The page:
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carbon emissions: Tata Steel plan for port Talbot to lead to huge savings: Koushik Chatterjee


Tata Steel’s resolution for its Port Talbot plant will see the UK government make one of the largest-ever investments in the steel industry as they collectively move towards sustainable production. The steelmaker will be setting up a three-million-tonne electric arc furnace (EAF) at Port Talbot, which will not only lower carbon emissions, but will also be high on profitability. Tata Steel will save as much as 150 on every tonne of steel that it will produce at this plant, which in turn, will boost its operating profits to 8-10%, chief financial officer and executive director Koushik Chatterjee tells Nikita Periwal in an interview. Edited excerpts:

Tata Steel was initially looking at a support of 50% of the capital expenditure along with some operational expenditure from the UK government. Is the current proposal satisfactory?

The original configuration that we were looking for was a much larger capital expenditure. Two things have happened. We have reconfigured the project to be more capital efficient so that we retain parts of assets that can be upgraded, and capex can be made smaller. The grant also became higher. So, we have bridged the gap to make it more viable. There is support in the form of policies as well. For example, the carbon border adjustment mechanism was not on the table initially. But in our conversations and on the government’s own initiative, the government has moved on the consultation in March 2023, and has started the ball rolling. That also has a big impact as far as the viability of the project is concerned.What savings you are looking at once the plant becomes operational in three to four years?
On a current cost to a steady state cost, we see about 150 per ton of cost saving, which is huge. And our estimate for the Ebitda margin in this project is 8-10% from the current negative levels. So, that’s a significant swing in the profitability, because 8-10% in an EAF is the top quartile of profitability, which is what we want to become.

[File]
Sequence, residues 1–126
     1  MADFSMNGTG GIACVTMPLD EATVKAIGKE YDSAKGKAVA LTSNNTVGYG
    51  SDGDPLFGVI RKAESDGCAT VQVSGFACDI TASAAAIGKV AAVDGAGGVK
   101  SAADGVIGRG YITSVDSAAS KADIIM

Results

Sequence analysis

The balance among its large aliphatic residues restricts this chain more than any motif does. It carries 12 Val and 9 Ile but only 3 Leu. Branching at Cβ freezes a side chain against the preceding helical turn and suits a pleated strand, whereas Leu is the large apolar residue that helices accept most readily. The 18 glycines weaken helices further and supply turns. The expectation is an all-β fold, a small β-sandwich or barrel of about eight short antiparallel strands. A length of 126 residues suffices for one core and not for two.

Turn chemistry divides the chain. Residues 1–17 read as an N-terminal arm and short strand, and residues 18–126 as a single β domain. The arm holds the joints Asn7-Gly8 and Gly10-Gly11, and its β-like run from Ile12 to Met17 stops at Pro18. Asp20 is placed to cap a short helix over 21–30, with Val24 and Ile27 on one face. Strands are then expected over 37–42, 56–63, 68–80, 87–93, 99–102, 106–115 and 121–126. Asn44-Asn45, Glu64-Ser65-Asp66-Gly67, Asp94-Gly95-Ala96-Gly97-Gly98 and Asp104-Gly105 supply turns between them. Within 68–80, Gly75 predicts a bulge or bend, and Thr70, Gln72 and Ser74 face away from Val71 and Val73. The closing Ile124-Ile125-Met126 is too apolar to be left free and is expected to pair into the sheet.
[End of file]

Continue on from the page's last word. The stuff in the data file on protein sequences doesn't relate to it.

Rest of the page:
This implies a lot of cash flows coming in. Where will this be utilised?
We will take that call as the cash gets generated, because it is important for this business to create value for the people who are putting in the money, which is the shareholders. And for the government, it is the sustainability of the site because it’s coming as a grant.

How do you plan to fund the remaining 60% cost of the project, and what about the restructuring?
The 60%, as of now…we will bring in as equity. As for the restructuring, that’s what we are engaging with the unions on because they are a very important stakeholder, and we want to take them through the risk and opportunities that lie ahead for Tata Steel UK.How will this capex impact your leverage and can the cost of financing be a risk if the steel cycle were to turn adverse?
So, in all our assumptions, we have taken a mid-cycle assumption. It will be fair to say that we had factored in the capex in our long-term planning. For example, our net debt to Ebitda threshold is at about 2.5 times on a long-term average basis; we will maintain it because all our growth is based on financial prudence. And we need to ensure that our balance sheet continues to be healthy, strong. It is important that all challenging businesses are converted into profit-making ones.

By the time this plant is up and running, what is your expectation of demand in this region and what is the IRR that you are targeting?
The IRR [internal rate of return] needs to be higher than the cost of capital, and for this project, it is at around 15-16%, compared to the cost of capital of around 11-12%. The market in the UK has been steady at about 9 million tons. And if there is more infrastructure spend and industrialization, then steel demand will remain robust. UK anyway imports about 55% of the steel that it needs as a country. So, if we are competitive, we will ensure that we will sustain profitably. The global decarbonisation process will be material and steel intensive and, therefore, we think that the demand will remain robust.

Is the new plant that’s coming up the lowest in terms of carbon emissions globally?
The carbon emissions will be comparable to any other best-in-class EAF project, which is around 0.4 tonnes per tonne of crude steel.


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